If you only have a few hours don’t miss seeing the Colosso di San Carlo Borromeo one of the tallest stautes in Europe, known as “San Carlone”. It is considered to be the maximum expression of Christian religion.
Situated above Arona, with a fantastic view over the Lake the statue in made of brass. It is 35 metres tall and can be visited inside right up into the head. The statue consists of a core made of masonry and an iron and wood framework covered with copper sheeting; the head and the hands are made of bronze. At 23.40 metres high, plus the 11.70 metres of granite pedestal, the statue is one of the biggest in the world. You can climb up inside the statue right to the massive head, from where the view out over the lake is exceptional. Not for the faint hearted or the unfit.
Carlo Borromeo was born in Arona in 1538. He was made a cardinal at the age of 22 , bishop of Milan 6 years later and died in 1584, having dedicated his life to helping the poor. The Statue was built by his cousin Federico and finished in 16 98. This huge statue, is full of significance, and exemplifies a particular kind of religious faith which finds its expression in the outsize. San Carlo seems to look on his people kindly but severely; his head slightly inclined, the Saint blesses his native town with his right hand raised, while in his left hand he holds the great book of laws of the Milanese church.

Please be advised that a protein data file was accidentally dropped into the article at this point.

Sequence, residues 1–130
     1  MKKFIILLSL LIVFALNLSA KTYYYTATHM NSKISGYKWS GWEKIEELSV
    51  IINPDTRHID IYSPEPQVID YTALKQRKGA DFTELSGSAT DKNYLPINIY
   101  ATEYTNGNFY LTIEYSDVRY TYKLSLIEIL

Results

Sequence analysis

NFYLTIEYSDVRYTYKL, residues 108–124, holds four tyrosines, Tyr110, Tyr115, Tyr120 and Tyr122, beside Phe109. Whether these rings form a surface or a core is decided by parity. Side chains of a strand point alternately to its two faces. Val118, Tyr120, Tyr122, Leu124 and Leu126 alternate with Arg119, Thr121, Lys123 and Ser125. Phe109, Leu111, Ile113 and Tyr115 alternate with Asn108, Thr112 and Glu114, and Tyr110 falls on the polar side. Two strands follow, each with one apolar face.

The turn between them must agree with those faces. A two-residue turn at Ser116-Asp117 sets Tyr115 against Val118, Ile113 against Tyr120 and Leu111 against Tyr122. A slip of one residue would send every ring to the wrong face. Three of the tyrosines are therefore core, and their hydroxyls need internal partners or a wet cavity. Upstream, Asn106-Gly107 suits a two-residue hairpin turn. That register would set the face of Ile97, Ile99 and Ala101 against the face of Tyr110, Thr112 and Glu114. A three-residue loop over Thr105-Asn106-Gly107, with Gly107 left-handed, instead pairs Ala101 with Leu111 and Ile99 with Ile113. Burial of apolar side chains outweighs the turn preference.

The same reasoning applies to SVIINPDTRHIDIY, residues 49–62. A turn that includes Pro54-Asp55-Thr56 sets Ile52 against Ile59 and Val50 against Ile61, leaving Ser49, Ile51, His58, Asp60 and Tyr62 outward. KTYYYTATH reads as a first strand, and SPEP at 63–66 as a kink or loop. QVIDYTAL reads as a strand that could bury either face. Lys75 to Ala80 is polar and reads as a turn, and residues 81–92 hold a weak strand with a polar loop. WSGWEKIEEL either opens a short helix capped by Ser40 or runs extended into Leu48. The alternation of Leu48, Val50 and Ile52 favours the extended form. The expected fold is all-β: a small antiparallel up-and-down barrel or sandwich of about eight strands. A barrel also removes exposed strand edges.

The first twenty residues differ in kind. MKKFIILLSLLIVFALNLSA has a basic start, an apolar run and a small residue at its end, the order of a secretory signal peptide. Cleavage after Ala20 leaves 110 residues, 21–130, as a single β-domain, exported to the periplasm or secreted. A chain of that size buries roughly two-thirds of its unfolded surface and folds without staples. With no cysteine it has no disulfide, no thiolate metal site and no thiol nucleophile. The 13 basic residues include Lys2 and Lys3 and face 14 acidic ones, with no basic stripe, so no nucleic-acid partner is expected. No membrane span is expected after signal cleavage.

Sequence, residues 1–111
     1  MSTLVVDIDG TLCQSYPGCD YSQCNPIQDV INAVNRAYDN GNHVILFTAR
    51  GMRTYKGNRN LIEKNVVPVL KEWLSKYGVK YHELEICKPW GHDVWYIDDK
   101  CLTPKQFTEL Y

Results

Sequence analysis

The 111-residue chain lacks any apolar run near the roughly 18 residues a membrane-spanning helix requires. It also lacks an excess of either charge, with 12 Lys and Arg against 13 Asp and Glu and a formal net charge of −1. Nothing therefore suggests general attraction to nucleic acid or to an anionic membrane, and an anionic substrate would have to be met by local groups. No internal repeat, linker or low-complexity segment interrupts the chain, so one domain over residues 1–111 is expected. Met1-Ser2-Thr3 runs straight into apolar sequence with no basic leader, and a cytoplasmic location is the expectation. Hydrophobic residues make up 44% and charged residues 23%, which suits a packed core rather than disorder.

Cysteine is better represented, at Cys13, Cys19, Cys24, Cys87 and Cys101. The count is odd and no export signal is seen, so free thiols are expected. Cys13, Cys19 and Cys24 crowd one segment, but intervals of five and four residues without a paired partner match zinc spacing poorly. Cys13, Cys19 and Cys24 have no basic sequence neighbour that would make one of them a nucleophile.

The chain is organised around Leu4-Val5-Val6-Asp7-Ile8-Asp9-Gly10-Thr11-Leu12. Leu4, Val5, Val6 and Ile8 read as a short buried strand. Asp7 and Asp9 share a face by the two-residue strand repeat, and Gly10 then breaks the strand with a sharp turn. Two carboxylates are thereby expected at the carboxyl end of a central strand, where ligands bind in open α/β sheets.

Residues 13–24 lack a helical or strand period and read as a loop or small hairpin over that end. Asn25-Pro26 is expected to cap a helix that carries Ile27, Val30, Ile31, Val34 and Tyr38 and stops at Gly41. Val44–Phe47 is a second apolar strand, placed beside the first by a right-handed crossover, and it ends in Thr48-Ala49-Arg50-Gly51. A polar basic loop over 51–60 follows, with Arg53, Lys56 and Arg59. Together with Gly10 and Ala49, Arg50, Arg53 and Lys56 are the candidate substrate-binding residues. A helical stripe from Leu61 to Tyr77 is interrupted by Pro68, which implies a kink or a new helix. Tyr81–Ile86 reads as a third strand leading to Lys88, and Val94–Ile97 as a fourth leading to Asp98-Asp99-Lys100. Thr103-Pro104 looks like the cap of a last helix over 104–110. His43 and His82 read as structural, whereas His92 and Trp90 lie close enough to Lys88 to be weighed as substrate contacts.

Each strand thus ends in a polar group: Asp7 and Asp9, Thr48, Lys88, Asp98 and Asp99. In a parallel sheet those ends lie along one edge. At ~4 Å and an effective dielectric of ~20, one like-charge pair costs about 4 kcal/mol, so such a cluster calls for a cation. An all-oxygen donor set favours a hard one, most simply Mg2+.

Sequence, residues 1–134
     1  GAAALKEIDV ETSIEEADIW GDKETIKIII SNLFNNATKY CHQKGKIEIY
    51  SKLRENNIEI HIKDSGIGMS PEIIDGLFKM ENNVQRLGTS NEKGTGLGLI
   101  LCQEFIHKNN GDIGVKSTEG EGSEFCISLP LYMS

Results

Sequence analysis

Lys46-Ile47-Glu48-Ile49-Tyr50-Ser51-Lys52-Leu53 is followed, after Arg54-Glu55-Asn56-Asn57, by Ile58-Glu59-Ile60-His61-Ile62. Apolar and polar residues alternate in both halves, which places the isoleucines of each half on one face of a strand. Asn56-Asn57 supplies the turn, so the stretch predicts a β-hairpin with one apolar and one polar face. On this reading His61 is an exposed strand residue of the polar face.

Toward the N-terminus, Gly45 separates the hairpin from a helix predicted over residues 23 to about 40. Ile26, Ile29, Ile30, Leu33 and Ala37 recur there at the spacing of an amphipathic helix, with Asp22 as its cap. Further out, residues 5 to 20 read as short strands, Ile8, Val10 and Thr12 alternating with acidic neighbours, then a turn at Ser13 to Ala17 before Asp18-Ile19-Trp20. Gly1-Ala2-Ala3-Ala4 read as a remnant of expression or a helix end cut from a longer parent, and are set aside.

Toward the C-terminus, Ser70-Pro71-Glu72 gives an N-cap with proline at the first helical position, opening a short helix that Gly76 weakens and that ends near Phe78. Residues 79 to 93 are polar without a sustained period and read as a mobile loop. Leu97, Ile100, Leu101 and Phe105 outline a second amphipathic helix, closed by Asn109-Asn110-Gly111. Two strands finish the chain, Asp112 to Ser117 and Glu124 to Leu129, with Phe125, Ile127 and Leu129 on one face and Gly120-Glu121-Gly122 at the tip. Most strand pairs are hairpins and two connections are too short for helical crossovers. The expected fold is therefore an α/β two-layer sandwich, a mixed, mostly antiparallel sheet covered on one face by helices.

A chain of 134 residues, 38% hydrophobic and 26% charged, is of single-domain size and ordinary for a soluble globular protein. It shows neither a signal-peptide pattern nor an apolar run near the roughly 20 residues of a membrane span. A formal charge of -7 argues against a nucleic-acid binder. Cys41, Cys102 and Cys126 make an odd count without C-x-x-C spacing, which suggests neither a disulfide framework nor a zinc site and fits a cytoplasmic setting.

Also worth visiting in Arona is the Church of the Holy Martyrs in Arona, of Romanesque origin, stands at the top of the steps at the back of Piazza San Graziano.
Known as San Graziano Church, it has been renovated several times over the years. It now presents a Baroque façade and attractive 15thcentury walls built of square blocks of serizzogranite.
The interior contains a number of art works: the marble High Altar with bas-reliefs of the Martyrs (15th century), an altarpiece of 1480, masterwork of Ambrogio da Fossano called il Bergognone, and beautiful stained glass, especially that of the windows in the San Carlo chapel, dating from 1502. A shrine lined with precious 18th century silk contains some relics of San Carlo, including his crosier.
The fine 1852 fountain is an attractive feature of the small square outside the church. At the back is the Beolchi Ossuary chapel, an excellent example ofLombard Baroque (17th century), with striking wrought-iron railings in flower patterns and some still-visible frescoes.